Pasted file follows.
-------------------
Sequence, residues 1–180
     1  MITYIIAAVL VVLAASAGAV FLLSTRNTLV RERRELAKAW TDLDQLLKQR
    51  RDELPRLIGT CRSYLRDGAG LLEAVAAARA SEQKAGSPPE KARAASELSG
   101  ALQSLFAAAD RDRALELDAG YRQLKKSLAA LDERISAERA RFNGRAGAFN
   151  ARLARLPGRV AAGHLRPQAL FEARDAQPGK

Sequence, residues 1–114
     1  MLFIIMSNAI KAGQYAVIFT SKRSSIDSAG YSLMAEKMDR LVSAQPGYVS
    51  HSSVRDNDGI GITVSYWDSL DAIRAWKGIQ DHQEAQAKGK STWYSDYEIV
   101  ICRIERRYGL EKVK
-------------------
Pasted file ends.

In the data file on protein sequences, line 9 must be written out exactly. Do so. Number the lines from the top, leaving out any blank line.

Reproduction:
   101  ICRIERRYGL EKVK